Cannes Film Festival Shaken by HBO’s ‘The Idol’: Exploring the Extreme and Sexual in New Series

What does The Weeknd's new series for HBO look like?

Cannes Film Festival Shaken by HBO’s ‘The Idol’: Exploring the Extreme and Sexual in New Series
Juan Carlos Saloz

Juan Carlos Saloz

As it progresses in its transition from HBO Max to Max, the streaming platform continues to move forward with new series that will debut in the platform’s future. And beyond the titanic plan Warner is preparing with the Harry Potter series, the new Lord of the Rings films, and Game of Thrones spin-offs, HBO continues to deliver top-notch original fiction.


Among them is one that has just premiered at the Cannes Film Festival and received a five-minute standing ovation: The Idol. Created by Sam Levinson, the mastermind behind the successful Zendaya-starring series Euphoria, the show has debuted with a wide range of reviews, but they all agree on one thing: it is extremely intense, highly sexual, and one of HBO‘s most daring endeavors in its entire history.

What do critics think about The Idol?

The Idol follows Jocelyn (Lily-Rose Depp), a young pop diva who, after suffering a nervous breakdown during the cancellation of her new tour, decides to reclaim her title as America’s sexiest pop star. To do so, she begins a relationship with Tedros (The Weeknd), who is actually a contemporary cult leader and self-help guru with many secrets.

The idea for the series is not Levinson’s, but The Weeknd’s (Abel Tesfaye) own, who told the showrunner about the idea with the intention of becoming the actor to play the cult leader. Soon, Levinson jumped on board with Reza Fahim, and the three of them got to work on The Idol.

Later, a new director was added to the formula: Amy Seimetz. However, she abandoned it after a short time, not finding “nothing feminist in it”, something that ended with a controversy that has continued to the present day, since among the first reviews of the series there is also much talk about the sexualized role of Lily-Rose Depp.

The series has just premiered at the Cannes Film Festival, where the first critics have been able to see it and have given it a standing ovation before its premiere on June 4 on HBO Max (which will already be Max in the United States). But what has been the reaction of the public that has been able to see it?

“The Idol,” or 50 SHADES OF TESFAYE: A Pornhub Odyssey starring Lily Rose Depp’s nipples and The Weeknd’s greasy rat tail. I love the idea that this will help HBO Max’s rebranding, it should fit in nicely next to House Hunters!

Yes, THE IDOL has the EUPHORIA vibes you might expect, but it’s really more like someone put BLACK SWAN, SUCCESSION and SECRETARY in a blender and let it rip. Get ready for their whole spiel….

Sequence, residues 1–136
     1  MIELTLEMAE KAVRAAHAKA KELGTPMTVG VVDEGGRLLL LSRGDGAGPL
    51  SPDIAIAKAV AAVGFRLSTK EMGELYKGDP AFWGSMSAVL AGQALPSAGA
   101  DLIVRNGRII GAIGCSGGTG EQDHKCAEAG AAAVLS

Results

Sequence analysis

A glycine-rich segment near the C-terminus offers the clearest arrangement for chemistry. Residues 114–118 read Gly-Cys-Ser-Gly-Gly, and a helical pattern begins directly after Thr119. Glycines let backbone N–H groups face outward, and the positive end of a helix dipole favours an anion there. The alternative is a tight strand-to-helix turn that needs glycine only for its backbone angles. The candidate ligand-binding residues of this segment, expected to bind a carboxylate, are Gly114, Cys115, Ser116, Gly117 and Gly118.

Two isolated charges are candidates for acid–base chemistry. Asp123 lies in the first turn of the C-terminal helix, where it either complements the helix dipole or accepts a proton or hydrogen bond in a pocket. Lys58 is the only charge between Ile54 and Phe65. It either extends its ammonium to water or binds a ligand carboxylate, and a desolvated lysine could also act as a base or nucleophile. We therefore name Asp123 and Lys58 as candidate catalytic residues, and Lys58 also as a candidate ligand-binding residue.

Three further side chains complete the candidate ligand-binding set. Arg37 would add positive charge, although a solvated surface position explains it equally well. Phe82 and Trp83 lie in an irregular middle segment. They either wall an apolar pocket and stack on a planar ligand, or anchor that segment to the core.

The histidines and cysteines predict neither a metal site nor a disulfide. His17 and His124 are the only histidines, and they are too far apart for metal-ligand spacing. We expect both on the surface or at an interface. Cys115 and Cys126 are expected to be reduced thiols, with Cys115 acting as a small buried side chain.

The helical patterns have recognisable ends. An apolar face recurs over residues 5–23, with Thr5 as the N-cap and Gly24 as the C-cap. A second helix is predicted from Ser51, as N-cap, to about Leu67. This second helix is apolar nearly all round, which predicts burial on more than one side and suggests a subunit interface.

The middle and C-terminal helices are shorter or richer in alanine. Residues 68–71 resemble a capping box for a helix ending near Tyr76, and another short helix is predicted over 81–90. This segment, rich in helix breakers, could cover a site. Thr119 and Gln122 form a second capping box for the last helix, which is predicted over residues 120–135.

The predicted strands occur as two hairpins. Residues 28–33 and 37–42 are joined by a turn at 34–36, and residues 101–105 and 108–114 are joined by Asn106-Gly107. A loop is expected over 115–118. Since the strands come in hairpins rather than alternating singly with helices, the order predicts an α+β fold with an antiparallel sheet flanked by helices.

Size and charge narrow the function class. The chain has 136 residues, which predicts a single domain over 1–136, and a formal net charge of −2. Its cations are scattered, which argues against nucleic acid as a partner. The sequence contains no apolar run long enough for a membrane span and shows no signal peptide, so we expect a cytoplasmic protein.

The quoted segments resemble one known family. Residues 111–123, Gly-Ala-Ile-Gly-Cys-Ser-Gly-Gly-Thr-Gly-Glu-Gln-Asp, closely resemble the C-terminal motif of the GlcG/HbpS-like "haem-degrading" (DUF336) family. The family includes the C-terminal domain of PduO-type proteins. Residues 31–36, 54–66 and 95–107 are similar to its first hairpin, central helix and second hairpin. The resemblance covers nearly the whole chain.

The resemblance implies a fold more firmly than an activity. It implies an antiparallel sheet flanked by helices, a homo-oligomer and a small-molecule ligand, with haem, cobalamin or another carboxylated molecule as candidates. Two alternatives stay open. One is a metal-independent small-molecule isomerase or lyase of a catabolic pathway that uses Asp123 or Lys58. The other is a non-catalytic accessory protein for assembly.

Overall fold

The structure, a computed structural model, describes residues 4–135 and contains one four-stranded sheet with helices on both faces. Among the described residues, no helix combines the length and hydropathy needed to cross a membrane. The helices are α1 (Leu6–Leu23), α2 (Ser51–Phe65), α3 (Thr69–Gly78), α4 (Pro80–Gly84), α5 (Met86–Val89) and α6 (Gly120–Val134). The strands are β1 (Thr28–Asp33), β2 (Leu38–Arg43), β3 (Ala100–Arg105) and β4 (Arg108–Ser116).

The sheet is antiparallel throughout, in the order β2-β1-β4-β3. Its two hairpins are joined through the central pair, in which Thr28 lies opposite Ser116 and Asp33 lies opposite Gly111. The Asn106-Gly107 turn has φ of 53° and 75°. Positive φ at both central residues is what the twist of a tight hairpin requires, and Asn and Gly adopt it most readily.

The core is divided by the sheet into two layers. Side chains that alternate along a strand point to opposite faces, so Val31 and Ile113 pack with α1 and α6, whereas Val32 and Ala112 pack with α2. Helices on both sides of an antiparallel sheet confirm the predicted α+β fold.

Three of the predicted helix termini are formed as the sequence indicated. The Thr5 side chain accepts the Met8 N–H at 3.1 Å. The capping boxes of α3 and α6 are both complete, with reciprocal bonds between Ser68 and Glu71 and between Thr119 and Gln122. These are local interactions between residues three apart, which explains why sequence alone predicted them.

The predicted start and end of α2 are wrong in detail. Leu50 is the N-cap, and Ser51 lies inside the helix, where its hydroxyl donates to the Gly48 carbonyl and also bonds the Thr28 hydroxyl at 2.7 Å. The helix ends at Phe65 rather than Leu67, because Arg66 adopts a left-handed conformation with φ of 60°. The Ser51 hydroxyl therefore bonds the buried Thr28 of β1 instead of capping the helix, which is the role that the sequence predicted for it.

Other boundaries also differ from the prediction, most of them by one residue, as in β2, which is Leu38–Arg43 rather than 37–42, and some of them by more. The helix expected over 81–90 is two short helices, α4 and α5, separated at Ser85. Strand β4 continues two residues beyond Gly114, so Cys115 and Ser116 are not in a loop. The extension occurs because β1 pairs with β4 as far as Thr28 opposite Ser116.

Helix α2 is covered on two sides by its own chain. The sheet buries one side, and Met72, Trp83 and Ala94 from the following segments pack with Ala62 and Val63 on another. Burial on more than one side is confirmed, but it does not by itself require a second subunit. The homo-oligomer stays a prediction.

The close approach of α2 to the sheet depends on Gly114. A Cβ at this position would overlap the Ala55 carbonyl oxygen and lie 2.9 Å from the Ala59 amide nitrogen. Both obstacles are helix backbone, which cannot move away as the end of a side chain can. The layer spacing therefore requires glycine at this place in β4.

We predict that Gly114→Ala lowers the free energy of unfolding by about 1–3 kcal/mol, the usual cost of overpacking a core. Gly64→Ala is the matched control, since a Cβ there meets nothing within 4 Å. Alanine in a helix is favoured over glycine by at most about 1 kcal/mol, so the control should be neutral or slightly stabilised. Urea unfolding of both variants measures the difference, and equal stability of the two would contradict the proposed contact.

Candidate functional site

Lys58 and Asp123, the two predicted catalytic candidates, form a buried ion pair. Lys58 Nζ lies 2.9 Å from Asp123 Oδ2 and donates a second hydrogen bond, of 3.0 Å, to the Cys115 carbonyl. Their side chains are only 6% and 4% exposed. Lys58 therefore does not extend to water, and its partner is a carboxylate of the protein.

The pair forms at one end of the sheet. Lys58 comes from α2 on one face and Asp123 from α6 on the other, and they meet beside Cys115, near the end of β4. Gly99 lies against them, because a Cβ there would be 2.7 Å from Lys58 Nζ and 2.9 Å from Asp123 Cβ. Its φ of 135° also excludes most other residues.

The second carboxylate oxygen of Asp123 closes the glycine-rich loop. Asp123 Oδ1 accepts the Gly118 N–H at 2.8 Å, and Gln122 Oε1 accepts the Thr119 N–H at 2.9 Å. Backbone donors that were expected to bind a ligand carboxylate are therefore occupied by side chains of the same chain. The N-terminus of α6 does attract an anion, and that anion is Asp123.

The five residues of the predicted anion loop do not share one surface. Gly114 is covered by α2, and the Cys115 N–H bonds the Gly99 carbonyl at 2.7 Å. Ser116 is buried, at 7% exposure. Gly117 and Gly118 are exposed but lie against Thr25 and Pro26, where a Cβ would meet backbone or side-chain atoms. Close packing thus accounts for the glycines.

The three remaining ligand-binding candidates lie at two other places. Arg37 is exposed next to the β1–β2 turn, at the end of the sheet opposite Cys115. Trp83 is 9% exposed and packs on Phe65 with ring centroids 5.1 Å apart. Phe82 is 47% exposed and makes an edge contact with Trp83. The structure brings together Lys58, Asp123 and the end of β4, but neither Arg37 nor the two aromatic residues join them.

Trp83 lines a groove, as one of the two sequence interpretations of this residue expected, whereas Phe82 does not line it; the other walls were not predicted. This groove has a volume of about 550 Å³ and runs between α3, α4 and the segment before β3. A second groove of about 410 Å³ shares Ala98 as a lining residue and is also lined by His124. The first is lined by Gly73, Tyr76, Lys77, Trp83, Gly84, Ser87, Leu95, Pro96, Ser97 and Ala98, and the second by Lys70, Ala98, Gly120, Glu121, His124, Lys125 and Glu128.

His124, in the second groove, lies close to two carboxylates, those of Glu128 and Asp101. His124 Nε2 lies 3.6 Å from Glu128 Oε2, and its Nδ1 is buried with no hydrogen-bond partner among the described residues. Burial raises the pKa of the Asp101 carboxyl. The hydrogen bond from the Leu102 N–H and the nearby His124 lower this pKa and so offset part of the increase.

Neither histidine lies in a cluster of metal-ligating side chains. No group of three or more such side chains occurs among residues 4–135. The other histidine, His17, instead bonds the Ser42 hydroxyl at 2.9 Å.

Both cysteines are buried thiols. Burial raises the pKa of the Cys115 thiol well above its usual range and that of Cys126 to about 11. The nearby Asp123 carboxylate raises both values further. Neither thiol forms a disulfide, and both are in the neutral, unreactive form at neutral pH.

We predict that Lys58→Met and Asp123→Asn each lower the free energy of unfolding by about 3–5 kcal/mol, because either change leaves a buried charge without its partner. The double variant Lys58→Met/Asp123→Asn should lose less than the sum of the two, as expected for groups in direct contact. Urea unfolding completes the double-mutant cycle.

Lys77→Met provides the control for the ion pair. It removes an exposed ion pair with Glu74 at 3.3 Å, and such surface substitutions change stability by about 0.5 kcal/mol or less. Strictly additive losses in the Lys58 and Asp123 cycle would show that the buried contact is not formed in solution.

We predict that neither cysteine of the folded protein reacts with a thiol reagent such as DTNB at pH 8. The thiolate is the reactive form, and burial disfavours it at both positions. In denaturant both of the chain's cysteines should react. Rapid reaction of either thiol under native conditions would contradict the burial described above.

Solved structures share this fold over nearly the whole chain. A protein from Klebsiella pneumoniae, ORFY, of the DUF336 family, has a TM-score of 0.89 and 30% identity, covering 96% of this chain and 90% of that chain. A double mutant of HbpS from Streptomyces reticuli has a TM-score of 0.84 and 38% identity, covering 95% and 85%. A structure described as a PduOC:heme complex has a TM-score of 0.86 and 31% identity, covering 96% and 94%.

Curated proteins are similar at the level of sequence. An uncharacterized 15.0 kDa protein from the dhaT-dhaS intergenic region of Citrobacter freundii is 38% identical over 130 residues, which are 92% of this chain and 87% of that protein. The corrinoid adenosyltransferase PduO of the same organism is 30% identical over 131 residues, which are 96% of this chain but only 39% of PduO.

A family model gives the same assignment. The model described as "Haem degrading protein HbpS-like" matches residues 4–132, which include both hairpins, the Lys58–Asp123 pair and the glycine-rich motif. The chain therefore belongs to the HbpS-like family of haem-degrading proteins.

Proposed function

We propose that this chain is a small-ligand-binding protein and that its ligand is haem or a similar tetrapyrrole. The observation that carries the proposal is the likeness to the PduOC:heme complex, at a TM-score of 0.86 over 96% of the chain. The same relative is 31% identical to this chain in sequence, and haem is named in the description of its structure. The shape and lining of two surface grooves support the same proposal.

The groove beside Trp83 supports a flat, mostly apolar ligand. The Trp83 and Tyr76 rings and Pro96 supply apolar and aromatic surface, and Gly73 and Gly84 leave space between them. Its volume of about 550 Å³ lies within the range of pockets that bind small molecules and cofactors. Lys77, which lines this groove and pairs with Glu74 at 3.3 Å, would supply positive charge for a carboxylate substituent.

Idol’s premiere has just ended. Sam Levinson’s fans will not be disappointed.

Beyond Twitter, some American portals have dropped their first opinions, although they are not too different from what has emerged in these reviews either. Scott Roxborough of The Hollywood Reporter posts the following:

“This is a more stylized, grown-up version of Euphoria’s second season (…) The Idol shows flashes of potential when it stops trying so hard to be shocking. There’s a vigor to the sex scenes between Depp and Tesfaye that kills any sense of eroticism. It’s a relief when the series moves away from their relationship and focuses on Joceyln’s struggle to make a niche for herself in music.”

Vanity Fair‘s Richard Lawson has found it not for all audiences:

“Sam Levinson’s treatment is not for everyone and occasionally not for me, but The Idol offers enough classic entertainment to balance its aggressive attention-seeking and the bravado of its thematic ambitions. Just don’t approach the first two episodes with the idea that you’re about to see something surprising and transgressive.”

Deadline‘s Damon Wise has this to say:

“[With only two episodes] it’s hard to make value judgments about morality and ethics, or, more substantively, about the criticisms regarding the male gaze and the rights of the female body that are bearing down on The Idol. However, it turns out that Depp is driven, to put it mildly, to a highly sexualized performance that is also grounded, and often vulnerable, for unnervingly addressing the fine lines between pornography, art, power and exploitation that young women in the music industry have faced for years.”


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Juan Carlos Saloz

Juan Carlos Saloz

Cultural journalist specialized in film, series, comics, video games, and everything your parents tried to keep you away from during your childhood. Also an aspiring film director, screenwriter, and professional troublemaker.

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